– “Sirens” (USA at 10 p.m.): Denis Leary co-produces this new comedy about three EMT dudes in Chicago.


– “Resurrection” (ABC at 9 p.m.): The residents of Arcadia, Mo., react to the fact that a young boy who died 32 years ago has returned — unchanged — from the dead. (Not to be confused with the excellent French miniseries “The Returned,” but it looks a little bit like it.)


– “Mind Games” (ABC at 10 p.m.): Steve Zahn and Christian Slater star as Clark and Ross Edwards, two brothers who run an agency that helps clients fix their problems through psychological manipulation and influence. (Zahn plays the goofy, genius one.)


– “The 100” (CW at 9 p.m.): A refreshingly taut and well-executed futuristic sci-fi series about a group of 100 jailed juvenile delinquents who are banished from an orbiting space-station colony and sent to live on Earth — 97 years after a nuclear apocalypse. They’ve barely crash-landed when things get pretty “Lord of the Flies.”


– “Story of the Jews” (PBS, check local listings): Author Simon Schama explores Jewish culture and history in this five-part (two-night) documentary series.


– “Friends With Better Lives” (CBS at 9 p.m.): A new sitcom about six pals, premiering after the one-hour “How I Met Your Mother” series finale. Takes over the 8:30 p.m. slot on April 7.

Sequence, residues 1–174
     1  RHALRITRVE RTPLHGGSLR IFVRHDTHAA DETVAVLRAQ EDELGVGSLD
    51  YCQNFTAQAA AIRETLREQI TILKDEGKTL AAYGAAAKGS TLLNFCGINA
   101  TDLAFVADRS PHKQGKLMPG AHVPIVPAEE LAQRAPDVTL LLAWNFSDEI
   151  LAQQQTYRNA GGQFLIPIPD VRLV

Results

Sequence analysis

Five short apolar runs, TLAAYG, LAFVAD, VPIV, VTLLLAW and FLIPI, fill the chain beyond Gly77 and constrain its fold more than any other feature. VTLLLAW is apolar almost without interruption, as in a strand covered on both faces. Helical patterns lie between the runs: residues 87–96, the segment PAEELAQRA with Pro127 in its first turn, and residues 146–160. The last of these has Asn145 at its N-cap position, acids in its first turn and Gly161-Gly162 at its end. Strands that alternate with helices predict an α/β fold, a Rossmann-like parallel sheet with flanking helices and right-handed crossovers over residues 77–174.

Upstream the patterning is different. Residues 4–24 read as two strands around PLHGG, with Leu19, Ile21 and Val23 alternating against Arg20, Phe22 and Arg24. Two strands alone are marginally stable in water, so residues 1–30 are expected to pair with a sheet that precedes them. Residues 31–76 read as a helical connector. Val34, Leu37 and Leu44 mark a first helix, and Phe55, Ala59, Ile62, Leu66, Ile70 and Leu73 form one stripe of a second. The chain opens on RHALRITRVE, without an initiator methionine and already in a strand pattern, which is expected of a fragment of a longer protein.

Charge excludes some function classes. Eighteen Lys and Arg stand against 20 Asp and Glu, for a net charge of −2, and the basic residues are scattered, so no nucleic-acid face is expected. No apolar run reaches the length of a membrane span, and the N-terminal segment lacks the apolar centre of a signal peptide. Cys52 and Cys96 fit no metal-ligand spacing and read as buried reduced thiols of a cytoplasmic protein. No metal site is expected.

– “The 49th Annual Academy of Country Music Awards” (CBS at 8 p.m.): Blake Shelton and Luke Bryan will return as hosts.


These shows haven’t been given air dates, but they’re expected sometime before May …

– “Game of Arms” (AMC): Reality series about competitive arm-wrestling.

– “Turn”(AMC): Drama about spies in the Revolutionary War.

– “Gang Related” (Fox): Cop drama. An elite LAPD officer has a past with Latino gangs.

– “Surviving Jack” (Fox): Comedy set in the 1990s about a father and his teenage son.

– “Us and Them” (Fox): Comedy starring Jason Ritter and Alexis Bledel as young lovers.

– “Crisis” (NBC): Drama in which a bus carrying children of the Washington, D.C. elite — including the president’s son — is taken hostage. Gillian Anderson stars.

– “The Night Shift” (NBC): Drama about the overnight staff at a San Antonio hospital.

– “About a Boy” (NBC): Comedy based on Nick Hornby’s novel.

– “Growing Up Fisher” (NBC): Jenna Elfman and J.K. Simmons star in this comedy about a family going through divorce.

Tags: , , , , , , ,

Comments are closed.